How FICO Credit Scores Are Calculated

Since we live in an automated world, it should come as no surprise that your ability to repay your mortgage comes down to just one number. The FICO score is created by credit reporting agencies. They use the payment history of all of your loans: credit cards, mortgages, car loans etcetera.

Equifax, TransUnion, and Experian, the three major credit agencies, each have their own proprietary formula for building a credit score. The original FICO was developed by Fair Isaac and Company. While Experian still calls its score "FICO", TransUnion calls its score "Beacon" and Equifax uses "Empirica." While the formulas vary from one agency to another, the differences aren't huge; they all use the following to build your credit score:

  • Credit History - How many years have you had credit?
  • Payment History - Have you paid more than 30 days late, and how often?
  • Balances on your Credit Cards - How many accounts? How much do you owe?
  • Credit Inquiries - How many times have you had your credit checked for a loan?

Each of these is assigned a value and a weight. The result is a single number: your credit score. FICO scores can be as low as 300 and as high as 800. Higher is always better. Most home buyers in the current environment have a score above 620.

Not just for qualifying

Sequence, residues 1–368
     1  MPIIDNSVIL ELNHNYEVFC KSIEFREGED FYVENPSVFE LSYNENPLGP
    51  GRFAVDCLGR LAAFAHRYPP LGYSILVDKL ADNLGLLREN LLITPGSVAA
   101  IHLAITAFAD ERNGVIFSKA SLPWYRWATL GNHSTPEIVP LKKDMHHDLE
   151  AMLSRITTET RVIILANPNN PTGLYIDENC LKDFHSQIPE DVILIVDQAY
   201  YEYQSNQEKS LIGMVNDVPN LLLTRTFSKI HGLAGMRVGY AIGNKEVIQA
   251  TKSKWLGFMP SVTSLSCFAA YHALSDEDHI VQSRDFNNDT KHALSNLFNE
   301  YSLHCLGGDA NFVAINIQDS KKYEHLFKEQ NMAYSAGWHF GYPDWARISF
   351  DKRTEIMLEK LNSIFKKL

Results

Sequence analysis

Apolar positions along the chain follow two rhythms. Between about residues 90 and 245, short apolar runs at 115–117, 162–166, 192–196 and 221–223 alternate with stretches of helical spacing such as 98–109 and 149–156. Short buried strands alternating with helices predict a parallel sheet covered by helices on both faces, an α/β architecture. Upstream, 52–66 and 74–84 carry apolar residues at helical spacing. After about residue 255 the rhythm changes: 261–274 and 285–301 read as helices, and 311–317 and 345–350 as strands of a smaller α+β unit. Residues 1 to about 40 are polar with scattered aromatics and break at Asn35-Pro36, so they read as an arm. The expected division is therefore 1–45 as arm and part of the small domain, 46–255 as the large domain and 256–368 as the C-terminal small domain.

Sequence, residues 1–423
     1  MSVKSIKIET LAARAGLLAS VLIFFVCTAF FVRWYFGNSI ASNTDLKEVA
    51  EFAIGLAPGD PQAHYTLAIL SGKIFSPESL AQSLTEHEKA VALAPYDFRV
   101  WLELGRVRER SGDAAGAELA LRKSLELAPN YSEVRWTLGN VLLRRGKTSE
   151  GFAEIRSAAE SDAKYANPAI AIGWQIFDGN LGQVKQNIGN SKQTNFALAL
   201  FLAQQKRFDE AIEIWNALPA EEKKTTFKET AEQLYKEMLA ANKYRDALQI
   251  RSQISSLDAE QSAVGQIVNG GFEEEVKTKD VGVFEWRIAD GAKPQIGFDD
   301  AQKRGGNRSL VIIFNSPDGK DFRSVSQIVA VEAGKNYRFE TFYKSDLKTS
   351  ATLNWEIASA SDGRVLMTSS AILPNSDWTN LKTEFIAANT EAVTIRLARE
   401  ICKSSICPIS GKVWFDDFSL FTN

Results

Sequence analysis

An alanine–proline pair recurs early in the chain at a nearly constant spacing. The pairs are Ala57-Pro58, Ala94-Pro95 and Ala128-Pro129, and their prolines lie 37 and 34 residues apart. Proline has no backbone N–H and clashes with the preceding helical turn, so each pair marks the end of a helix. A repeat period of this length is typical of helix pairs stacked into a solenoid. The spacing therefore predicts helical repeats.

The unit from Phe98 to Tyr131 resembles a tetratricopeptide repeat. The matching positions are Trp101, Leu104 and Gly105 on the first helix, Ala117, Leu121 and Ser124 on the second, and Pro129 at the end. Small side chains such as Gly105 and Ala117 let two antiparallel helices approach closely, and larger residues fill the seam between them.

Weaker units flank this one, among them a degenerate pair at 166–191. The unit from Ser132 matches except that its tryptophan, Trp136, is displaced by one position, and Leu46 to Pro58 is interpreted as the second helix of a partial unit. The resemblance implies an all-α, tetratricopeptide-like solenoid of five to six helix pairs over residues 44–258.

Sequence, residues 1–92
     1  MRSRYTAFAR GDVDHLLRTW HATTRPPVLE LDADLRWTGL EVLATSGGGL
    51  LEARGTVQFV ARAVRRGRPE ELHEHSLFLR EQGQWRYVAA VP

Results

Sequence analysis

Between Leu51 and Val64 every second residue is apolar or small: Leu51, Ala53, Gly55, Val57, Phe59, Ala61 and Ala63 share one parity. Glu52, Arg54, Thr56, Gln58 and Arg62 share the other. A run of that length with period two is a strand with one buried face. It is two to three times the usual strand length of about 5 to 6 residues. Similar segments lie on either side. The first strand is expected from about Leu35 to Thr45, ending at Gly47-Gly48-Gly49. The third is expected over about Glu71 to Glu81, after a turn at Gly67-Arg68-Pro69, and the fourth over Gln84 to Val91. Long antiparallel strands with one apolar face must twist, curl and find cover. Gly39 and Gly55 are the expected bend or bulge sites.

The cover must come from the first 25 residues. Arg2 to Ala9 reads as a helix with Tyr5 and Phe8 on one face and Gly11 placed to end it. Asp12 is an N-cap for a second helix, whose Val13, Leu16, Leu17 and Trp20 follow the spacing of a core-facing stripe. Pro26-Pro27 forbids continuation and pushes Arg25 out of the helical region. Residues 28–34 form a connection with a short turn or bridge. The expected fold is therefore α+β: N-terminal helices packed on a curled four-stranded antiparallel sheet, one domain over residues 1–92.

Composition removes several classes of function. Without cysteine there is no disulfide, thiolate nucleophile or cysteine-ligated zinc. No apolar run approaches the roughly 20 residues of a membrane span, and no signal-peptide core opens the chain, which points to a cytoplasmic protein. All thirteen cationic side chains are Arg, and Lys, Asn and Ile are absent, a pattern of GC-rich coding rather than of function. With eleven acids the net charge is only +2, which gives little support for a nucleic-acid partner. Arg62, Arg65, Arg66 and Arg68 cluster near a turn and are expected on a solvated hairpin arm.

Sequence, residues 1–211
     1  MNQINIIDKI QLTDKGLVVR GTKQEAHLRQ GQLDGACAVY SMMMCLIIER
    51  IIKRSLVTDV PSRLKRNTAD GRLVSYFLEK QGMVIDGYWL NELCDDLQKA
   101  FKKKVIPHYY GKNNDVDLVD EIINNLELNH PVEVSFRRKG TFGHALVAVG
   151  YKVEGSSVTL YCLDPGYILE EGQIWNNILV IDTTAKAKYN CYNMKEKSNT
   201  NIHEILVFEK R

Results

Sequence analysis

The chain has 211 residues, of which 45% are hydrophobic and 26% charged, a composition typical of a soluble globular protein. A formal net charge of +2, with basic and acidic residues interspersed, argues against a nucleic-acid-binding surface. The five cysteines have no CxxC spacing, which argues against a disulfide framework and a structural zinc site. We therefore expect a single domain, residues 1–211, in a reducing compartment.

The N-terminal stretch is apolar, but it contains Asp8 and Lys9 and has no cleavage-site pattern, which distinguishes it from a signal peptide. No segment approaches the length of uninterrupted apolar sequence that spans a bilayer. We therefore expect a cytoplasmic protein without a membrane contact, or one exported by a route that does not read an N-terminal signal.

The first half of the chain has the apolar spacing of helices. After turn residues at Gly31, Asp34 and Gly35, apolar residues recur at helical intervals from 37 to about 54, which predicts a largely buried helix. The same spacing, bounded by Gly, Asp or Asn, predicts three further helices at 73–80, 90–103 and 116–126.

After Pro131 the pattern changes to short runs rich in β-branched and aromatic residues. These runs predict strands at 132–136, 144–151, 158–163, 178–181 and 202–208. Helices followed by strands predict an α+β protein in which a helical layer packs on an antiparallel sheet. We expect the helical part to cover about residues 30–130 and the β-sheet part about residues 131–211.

FICO scores affect more than your ability to get a loan. They also affect your interest rate. Higher scores indicate you are a better credit risk, and thus may qualify for a better mortgage rate.

Improving your score

What can you do to raise your FICO score? Unfortunately, not much. Some companies promise quick fixes, but they can't do anything different than what you can do — for free. (Of course you must have incorrect items removed from your credit report.)

Know your FICO score

In order to improve your FICO score, you've got to get the credit reports that the agencies use to build it. Of course, you need the score as well. Fair Isaac has created a web site (www.myFICO.com) that lets you do just that. It's inexpensive to get your FICO from all three agencies, along with your credit report. Also available are helpful information and online tools that can help you improve your FICO score.

You can get a federally-mandated free credit report once a year from the three major agencies at AnnualCreditReport.com. While this report does not include a free credit score, the cost to "upgrade" your report to include a credit score is very reasonable.

Armed with this information, you will be a more informed consumer and you'll be better positioned to obtain the right mortgage for you.

Curious about your FICO score? Give us a call at 3172889434.

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